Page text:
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Wyclef Jean’s new memoir Purpose: An Immigrant’s Story (It Books; $26.99)Â is a candid look into his Haitian heritage and family life, and—for the first time—he goes into detail about his controversial affair with fellow Fugees member Lauryn Hill.
The book offers up peaks and valleys in the multi-platinum selling artist’s life including funny behind-the-scenes anecdotes about the music industry and the sobering death of his father just days before 9/11.
BlackEnterprise.com caught up with WyclefÂ to discuss his new book and his current relationship with the other Fugees, Pras and Lauryn Hill.
BlackEnterprise.com: You book is incredibly candid and revealing. What prompted you to write this book right now?
Wyclef Jean: I always say it’s my age. I needed to be at least 40. I knew I wanted to write about my life, but I didn’t think I would really have anything to say if I was 30-something. There are seven books I want to write before I leave this earth.
Seven books? Ok, that’s ambitious. What will the other six books be about?
The next one will be a political spoof called They Tried to J Edgar Hoover Me and it’s about my bid to become president of Haiti. Another one will be a chronicle of the Bible books and then picking the books and how I see the verses a certain way.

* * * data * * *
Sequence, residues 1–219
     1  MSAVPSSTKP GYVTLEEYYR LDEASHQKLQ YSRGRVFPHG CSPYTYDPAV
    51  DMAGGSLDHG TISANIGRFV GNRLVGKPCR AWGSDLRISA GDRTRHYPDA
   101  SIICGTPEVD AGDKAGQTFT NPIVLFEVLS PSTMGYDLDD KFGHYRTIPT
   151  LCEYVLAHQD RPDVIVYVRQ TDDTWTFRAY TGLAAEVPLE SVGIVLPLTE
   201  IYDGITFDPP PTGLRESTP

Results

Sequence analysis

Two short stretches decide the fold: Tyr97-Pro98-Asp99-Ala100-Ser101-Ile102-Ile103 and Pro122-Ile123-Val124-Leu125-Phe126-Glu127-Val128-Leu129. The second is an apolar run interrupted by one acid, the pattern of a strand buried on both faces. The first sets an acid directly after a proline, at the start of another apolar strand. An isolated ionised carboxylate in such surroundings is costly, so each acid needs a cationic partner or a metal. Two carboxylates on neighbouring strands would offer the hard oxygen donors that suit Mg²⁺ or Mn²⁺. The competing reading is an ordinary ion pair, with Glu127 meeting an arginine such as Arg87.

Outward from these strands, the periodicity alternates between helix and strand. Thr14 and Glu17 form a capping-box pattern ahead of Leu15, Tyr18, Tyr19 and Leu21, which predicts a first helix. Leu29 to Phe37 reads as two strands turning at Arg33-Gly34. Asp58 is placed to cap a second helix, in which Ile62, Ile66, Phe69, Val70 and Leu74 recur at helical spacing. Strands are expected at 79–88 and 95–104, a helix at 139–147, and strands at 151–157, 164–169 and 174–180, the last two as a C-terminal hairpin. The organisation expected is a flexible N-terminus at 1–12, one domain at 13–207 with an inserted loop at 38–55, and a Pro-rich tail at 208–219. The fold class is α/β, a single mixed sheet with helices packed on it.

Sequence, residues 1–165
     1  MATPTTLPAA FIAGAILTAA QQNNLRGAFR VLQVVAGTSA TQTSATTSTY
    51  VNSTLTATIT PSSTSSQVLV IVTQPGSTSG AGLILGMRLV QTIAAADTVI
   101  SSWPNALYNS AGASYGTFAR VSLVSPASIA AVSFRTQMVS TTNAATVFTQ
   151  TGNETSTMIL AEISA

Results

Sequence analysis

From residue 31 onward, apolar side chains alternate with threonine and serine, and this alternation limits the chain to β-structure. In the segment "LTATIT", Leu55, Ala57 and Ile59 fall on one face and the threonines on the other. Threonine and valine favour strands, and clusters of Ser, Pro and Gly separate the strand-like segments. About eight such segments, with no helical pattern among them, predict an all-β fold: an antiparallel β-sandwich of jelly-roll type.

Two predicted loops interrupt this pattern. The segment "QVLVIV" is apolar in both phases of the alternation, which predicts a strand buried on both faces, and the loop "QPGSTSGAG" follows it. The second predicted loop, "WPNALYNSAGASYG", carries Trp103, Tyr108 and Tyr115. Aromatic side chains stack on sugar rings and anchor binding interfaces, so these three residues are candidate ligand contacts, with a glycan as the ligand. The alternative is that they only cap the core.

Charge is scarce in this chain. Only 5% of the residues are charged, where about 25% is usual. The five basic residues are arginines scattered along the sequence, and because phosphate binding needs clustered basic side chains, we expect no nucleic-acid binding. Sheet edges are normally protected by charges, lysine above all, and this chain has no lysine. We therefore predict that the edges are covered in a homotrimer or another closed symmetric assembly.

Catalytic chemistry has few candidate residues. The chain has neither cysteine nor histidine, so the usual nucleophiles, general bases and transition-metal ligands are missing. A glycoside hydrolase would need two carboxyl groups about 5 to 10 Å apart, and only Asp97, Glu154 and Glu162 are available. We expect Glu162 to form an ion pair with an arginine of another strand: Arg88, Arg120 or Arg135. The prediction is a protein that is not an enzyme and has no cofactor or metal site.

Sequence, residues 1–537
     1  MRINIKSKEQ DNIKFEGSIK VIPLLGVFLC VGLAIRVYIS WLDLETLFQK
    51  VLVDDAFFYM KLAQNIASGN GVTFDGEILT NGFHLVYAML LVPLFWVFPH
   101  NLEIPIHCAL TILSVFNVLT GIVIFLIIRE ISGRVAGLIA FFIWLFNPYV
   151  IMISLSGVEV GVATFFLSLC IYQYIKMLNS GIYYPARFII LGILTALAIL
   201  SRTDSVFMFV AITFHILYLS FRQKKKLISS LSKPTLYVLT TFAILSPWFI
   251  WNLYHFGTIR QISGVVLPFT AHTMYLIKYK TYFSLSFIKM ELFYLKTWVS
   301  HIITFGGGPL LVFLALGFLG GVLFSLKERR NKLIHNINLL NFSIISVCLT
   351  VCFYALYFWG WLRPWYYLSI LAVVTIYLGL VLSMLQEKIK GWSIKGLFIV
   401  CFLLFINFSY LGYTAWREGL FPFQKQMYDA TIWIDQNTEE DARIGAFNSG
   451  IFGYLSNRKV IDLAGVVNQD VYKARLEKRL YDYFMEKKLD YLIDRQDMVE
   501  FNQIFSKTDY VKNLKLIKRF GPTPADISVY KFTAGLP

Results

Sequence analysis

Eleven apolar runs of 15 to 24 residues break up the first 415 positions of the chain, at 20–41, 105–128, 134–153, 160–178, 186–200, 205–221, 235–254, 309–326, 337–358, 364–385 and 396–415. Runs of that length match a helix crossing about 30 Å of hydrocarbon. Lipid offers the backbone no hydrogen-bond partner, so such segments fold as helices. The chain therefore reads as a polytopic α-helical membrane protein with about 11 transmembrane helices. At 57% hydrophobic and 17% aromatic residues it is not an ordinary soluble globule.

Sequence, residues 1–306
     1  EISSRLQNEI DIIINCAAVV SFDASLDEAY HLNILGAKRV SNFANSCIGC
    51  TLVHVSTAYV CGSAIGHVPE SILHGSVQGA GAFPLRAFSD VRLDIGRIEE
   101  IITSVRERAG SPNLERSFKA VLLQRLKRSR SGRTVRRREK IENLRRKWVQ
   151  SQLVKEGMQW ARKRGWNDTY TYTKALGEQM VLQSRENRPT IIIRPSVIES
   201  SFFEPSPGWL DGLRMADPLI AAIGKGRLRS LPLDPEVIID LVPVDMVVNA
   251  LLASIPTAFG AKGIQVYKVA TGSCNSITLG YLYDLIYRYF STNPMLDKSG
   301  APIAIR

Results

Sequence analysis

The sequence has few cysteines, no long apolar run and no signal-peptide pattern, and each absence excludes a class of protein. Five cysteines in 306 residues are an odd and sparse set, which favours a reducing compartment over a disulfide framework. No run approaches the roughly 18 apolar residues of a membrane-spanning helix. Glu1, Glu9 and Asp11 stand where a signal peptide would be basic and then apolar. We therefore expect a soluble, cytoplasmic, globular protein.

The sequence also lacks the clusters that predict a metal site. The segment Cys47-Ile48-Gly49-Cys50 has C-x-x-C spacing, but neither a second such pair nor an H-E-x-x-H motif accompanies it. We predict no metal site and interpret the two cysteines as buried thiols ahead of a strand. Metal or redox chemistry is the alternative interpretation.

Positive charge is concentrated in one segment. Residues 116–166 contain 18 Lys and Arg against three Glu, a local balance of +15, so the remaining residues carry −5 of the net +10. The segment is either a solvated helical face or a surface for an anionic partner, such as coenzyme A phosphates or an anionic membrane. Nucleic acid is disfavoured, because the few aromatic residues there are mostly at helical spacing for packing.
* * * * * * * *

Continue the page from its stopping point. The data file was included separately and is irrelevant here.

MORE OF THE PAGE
The big issue in the news is the Lauryn Hill relationship, which you have never talked about so extensively in public before. Of course you are still with your wife and you two have moved passed that, but it must have been painful for you and your wife to revisit that for this book.
That wasn’t the most painful part for me. Talking about my dad’s death was the hardest part. But, everything in the book is basically a year, so I had to go back to those years. Going back to the Lauryn situation wasn’t that hard because I understand more and the mindset I was in. When I go back to 26, 27, I know who I was then. There are men known and unknown who are in the same situation, but just don’t talk about it. I decided to talk about it; I’m able to apologize publically.
You said writing about your dad was the hardest part. In the book you talk about the guilt you have associated with that. How have you been able to cope?
Writing this book is part of that. There’s something about writing that provides closure. It’s like I’m able to breathe.
There are so many little moments in your book, how did you go about mining for that information in your memory banks?
It was hard. It’s kind of like when you’re in a movie and you’re playing a character. When you’re a method actor, you have to channel that emotion by going back to a place that lets you connect with that moment. So I had to emotionally go back to all those moments.
You are a writer, so what was it like collaborating with Anthony Bozza for this project?
Having Anthony was like having a psychologist as I wrote this. It was important.Â He would ask tough questions and make me go back to certain time periods.
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